"At which point it suddenly came to me that both of my brother's sons - who are in their early-20s and both currently in the middle of studying for a Masters Degree in Music - are actually involved themselves in today's jazz-funk scene in London! So, though funnily enough, they're actually more on the trad-jazz side of things, I gave them a buzz, asked them what they were doing - and sure enough, they'd played with half the people that had been pointed out to me by Beggers! Which is when I began thinking 'Well let's see what happens - I'll dig out these tracks I've done over the last 10 years and see if they're suitable for us to maybe look at a 'Today-versus-yesterday/40 years on'-type concept. So with me then going on to work on a new version of "Southern Freeez" - which sounded alright - that's basically what we did! I got my two nephews Ben Rocca and Joel Rocca - who play keyboards and saxophone respectively - to play live on the tracks I'd already done. Then from there, I got a couple of other people from London - a bass-player called Alex Lofoco and a guitarist called Julienne Baraness - to come on board too... So yeah, that's the short story of how I came to combine the new with the old for this new release which combines the original "Southern Freeez" album with some new solo tracks from me."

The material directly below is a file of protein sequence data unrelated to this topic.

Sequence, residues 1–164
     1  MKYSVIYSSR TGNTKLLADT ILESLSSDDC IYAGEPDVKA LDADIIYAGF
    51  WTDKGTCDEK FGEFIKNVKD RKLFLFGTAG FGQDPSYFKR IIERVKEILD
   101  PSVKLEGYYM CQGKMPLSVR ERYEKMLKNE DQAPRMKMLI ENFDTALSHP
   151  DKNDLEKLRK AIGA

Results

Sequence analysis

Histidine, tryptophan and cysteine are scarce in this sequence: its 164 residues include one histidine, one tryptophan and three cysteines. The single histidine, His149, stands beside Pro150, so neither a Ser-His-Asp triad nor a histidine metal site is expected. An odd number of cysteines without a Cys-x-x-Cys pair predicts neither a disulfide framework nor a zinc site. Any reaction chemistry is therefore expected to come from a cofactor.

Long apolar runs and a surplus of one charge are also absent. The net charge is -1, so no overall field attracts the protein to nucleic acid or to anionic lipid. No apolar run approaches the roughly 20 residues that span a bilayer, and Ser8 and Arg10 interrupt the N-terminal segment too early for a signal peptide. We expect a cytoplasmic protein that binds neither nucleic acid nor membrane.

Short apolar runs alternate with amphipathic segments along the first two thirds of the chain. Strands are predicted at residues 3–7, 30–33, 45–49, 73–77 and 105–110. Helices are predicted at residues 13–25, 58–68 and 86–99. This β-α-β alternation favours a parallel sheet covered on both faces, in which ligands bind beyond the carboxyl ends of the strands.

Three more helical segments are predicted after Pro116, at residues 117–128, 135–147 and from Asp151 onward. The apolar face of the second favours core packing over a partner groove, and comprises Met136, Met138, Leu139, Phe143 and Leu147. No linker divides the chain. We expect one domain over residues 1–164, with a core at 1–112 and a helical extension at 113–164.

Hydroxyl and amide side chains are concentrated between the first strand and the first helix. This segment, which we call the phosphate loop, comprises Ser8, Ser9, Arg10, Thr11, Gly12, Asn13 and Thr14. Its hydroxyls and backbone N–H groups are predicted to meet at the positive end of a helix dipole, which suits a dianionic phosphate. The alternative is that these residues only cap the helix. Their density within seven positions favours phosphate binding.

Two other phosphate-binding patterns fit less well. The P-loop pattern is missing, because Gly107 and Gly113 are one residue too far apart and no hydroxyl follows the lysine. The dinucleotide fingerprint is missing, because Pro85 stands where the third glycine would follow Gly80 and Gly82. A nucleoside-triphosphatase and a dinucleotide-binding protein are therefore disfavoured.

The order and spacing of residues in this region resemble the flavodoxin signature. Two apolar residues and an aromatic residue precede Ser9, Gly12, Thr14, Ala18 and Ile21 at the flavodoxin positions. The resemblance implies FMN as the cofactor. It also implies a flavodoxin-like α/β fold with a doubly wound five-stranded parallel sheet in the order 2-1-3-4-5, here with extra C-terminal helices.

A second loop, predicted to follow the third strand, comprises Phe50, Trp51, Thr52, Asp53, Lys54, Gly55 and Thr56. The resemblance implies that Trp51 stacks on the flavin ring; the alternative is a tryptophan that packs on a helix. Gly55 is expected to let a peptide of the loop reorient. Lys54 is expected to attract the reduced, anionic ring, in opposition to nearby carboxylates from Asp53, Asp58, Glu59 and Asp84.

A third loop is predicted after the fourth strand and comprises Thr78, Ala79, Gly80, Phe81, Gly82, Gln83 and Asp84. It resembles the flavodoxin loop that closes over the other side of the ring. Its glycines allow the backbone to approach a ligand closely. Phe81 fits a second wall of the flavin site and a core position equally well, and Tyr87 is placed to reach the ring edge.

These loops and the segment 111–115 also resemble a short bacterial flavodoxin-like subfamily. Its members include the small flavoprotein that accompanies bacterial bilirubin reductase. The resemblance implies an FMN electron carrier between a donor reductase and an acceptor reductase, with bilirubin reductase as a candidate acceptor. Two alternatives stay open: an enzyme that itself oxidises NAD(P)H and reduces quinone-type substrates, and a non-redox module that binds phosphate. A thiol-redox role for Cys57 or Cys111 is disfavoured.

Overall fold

The Freeez album “Southern Freeez/Variations On A Theeem” is iut now through Beggars Arkive.

BUY "Southern Freeez/Variations On A Theeem" VINYL

You can read more from Pete Lewis' exclusive interview with Freeez founder John Rocca, including the story of how Freeze formed and the influence Jean-Paul "Bluey" Maunick of Incognito/Citrus Sun fame had on the band. Also, we find out what happened to the band around the release of their "Southern Freeez" album,what caused their exit from the music scene in the '90s and of couse, what are Rocca's future plans. All in the not to be missed latest issue of Blues & Soul magazine - click the 'BUY NOW' link below to order straight from the B&S shop or read on for high street retailer details...